' Transparent drum 10 includes a vocabulary field 14 having a plurality of variable density or variable area optical sound tracks recorded around its periphery. Each individual sound track represents a single word and the total number of such sound tracks disposed around the periphery of drum 10 constitutes the vocabulary of the system. A digital field 12 comprising a plurality of binary codes is also recorded around the periphery of the drum. Each individual digital codeis spatially related to and indexed with each word in vocabulary fieldVA 14 so that selection of a binary code results in selection of a given word to be subsequently removed from the vocabulary field.

' Motor 16, coupled to the drum by shaft 17, causes rotation of the'drum at a predetermined constant speed. Typically drum 10 may be rotated at 3600 r.p.m. Pickup head 18 scans the digital field as the drum rotates. A xedlight source including incandescent lamp 21, lens 22 and mirror 23 vproject an optical image of the'digital field onto pickup head 18. This pickup head may conveniently include a plurality of photosensitive pickup devices such as PN semiconductor junctions. For purposes of illustration the digital code may consist of a ten bit binary code and accordingly there is one photosensitive pickup device for each bit in the code. j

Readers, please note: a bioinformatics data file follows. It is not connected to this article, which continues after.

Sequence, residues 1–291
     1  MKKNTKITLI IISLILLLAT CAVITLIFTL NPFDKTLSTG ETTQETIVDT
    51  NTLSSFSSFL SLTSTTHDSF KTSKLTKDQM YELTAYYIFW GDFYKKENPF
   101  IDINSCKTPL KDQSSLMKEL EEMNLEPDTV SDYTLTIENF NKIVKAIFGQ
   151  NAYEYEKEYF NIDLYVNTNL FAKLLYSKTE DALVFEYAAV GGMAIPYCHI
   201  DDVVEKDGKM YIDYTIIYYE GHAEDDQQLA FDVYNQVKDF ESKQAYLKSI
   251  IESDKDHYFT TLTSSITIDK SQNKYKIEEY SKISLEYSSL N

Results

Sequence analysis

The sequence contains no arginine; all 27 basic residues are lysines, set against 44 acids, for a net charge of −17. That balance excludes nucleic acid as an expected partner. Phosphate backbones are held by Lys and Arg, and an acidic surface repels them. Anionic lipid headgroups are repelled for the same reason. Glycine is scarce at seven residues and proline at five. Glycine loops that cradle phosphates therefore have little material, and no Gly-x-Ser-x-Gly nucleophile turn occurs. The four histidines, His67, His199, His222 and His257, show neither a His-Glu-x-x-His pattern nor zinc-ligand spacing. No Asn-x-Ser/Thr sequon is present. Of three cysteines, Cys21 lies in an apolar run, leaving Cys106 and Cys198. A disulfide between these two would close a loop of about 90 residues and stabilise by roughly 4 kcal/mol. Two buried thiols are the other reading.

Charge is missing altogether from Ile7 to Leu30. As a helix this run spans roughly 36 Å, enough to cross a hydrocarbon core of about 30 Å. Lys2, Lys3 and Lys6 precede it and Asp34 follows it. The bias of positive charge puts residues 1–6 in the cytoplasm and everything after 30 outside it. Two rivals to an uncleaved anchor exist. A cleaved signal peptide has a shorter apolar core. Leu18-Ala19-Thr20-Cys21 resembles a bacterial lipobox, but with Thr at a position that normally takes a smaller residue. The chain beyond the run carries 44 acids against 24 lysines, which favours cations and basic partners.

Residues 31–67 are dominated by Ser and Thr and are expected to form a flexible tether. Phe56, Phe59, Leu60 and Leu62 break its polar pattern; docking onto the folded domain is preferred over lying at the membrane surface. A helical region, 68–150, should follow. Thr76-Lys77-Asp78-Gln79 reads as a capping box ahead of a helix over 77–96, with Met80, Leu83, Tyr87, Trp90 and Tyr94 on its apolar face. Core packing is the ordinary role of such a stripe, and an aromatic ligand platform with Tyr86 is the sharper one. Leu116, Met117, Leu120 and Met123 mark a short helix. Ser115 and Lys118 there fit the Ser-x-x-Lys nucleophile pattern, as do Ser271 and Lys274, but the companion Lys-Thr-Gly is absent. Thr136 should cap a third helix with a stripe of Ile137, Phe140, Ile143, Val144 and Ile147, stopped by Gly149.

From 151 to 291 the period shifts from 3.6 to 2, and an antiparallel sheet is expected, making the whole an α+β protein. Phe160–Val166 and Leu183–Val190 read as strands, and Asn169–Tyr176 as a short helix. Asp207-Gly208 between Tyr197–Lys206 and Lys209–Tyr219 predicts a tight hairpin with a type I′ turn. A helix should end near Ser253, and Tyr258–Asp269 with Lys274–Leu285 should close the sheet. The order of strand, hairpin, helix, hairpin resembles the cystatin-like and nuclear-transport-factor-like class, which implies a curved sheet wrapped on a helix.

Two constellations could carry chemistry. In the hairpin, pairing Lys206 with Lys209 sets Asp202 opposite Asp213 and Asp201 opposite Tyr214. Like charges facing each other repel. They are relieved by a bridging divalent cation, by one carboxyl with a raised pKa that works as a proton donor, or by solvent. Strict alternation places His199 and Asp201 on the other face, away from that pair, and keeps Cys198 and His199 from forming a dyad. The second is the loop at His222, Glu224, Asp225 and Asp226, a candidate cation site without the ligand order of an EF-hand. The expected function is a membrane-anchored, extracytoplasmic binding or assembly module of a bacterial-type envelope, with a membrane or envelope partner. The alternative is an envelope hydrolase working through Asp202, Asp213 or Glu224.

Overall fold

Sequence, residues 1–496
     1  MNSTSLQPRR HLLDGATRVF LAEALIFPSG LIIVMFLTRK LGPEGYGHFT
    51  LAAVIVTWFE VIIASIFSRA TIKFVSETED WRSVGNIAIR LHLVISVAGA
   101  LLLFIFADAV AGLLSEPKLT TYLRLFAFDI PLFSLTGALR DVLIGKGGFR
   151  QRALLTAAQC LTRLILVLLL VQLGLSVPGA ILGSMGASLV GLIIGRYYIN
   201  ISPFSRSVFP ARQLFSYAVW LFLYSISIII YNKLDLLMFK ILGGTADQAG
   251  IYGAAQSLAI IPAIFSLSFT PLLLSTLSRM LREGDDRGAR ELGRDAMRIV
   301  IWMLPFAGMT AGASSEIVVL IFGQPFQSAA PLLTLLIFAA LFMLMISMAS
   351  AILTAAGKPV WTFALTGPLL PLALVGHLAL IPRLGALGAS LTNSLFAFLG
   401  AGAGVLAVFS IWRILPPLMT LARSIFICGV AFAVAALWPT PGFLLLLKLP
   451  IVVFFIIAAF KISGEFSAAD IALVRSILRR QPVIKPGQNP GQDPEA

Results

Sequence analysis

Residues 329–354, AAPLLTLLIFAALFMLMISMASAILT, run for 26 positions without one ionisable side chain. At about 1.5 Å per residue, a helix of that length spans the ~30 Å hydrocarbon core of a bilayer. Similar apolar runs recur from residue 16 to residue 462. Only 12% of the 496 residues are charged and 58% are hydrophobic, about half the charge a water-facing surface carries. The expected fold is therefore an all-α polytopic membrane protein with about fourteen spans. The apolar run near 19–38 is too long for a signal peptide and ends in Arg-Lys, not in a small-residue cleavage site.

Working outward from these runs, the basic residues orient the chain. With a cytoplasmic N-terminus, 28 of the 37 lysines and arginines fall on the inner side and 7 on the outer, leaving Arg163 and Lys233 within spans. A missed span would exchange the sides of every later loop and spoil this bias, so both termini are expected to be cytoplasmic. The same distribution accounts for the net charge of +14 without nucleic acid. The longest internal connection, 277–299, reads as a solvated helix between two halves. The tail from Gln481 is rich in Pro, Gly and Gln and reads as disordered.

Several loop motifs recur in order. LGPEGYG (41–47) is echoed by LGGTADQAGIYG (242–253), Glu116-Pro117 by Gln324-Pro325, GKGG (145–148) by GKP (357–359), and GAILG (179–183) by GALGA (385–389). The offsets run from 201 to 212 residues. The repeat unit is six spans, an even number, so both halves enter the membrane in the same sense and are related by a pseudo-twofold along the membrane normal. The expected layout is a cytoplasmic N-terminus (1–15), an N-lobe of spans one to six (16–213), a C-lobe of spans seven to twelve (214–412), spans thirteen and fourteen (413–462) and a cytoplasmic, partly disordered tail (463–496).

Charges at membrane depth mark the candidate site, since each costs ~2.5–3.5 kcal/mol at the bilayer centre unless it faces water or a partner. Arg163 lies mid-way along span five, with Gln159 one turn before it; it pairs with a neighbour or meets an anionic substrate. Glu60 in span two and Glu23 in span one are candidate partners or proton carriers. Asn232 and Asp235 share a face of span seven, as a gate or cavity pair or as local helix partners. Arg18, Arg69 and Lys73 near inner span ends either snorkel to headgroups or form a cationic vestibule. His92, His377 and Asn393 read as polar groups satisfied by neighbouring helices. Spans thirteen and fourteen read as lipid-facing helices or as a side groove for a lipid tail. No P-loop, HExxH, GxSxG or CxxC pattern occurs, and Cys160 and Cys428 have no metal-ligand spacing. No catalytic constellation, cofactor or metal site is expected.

A like binary code is supplied to comparator 20from a buffer stage such as a shift register in a remote computer. The comparator is of a type conventional in the computer art wherein parity between coded signalsfed to the two inputs produces an output signal. Accordingly, parity between the signal supplied to the comparator from pickup head 18 and the signal supplied to the comparator from the computer produces an output pulse on lead 24 to initiate strobe trigger circuit 25. Strobe trigger circuit 25 in turn causes discharge of a high voltage energy pulse, in the order of several thousand volts, from high voltage energy supply 26 through lamp 27 to produce a short duration high intensity light pulse. Typically a hydrogen strobe lamp when pulsed from a 2,000 volt energy source 4 will generate light-pulses of a duration of 2-4 microseconds.

A lens system, shown in simplified form in FIG. 1 to illustrate system operation, projects the light pulse from strobe lamp 27 into transparent drum 10 and then through selected portions of the vocabulary field 14 recorded thereon. Lens 28 collimates the light pulse produced by strobe lamp 27 into a parallel beam of light 29. This light beam is deflected at right angles by mirror 30. An additional cylindrical condensing lens 31 vertically compresses the light beam as it is directed through vocabulary field 14. Objective lens 32 projects the image of a Word selected from vocabulary lield 14 onto the readout device. In this manner a selected one of optical words in vocabulary field 14 is projected onto photoconductive target 35 of photoconductive pickup tube 34 for subsequent scanning to produce an audio readout signal.